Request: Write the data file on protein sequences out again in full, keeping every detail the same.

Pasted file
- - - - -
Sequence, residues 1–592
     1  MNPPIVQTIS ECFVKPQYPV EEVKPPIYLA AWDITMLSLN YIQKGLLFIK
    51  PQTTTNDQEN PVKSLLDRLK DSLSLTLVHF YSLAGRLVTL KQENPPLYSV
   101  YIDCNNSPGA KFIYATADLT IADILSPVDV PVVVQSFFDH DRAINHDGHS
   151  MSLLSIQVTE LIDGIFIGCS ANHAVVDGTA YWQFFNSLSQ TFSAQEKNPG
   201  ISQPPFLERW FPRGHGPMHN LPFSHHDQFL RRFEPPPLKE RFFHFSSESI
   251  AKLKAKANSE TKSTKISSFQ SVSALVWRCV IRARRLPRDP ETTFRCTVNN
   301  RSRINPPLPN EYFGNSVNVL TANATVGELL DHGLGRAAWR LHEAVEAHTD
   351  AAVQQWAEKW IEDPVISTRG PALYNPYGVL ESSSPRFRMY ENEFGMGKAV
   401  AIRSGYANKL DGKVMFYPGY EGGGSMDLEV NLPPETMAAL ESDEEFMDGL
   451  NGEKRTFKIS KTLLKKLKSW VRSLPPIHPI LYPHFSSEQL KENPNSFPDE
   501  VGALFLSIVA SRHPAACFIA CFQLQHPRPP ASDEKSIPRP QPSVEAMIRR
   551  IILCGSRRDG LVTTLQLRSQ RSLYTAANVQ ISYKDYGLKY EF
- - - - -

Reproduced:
Sequence, residues 1–592
     1  MNPPIVQTIS ECFVKPQYPV EEVKPPIYLA AWDITMLSLN YIQKGLLFIK
    51  PQTTTNDQEN PVKSLLDRLK DSLSLTLVHF YSLAGRLVTL KQENPPLYSV
   101  YIDCNNSPGA KFIYATADLT IADILSPVDV PVVVQSFFDH DRAINHDGHS
   151  MSLLSIQVTE LIDGIFIGCS ANHAVVDGTA YWQFFNSLSQ TFSAQEKNPG
   201  ISQPPFLERW FPRGHGPMHN LPFSHHDQFL RRFEPPPLKE RFFHFSSESI
   251  AKLKAKANSE TKSTKISSFQ SVSALVWRCV IRARRLPRDP ETTFRCTVNN
   301  RSRINPPLPN EYFGNSVNVL TANATVGELL DHGLGRAAWR LHEAVEAHTD
   351  AAVQQWAEKW IEDPVISTRG PALYNPYGVL ESSSPRFRMY ENEFGMGKAV
   401  AIRSGYANKL DGKVMFYPGY EGGGSMDLEV NLPPETMAAL ESDEEFMDGL
   451  NGEKRTFKIS KTLLKKLKSW VRSLPPIHPI LYPHFSSEQL KENPNSFPDE
   501  VGALFLSIVA SRHPAACFIA CFQLQHPRPP ASDEKSIPRP QPSVEAMIRR
   551  IILCGSRRDG LVTTLQLRSQ RSLYTAANVQ ISYKDYGLKY EF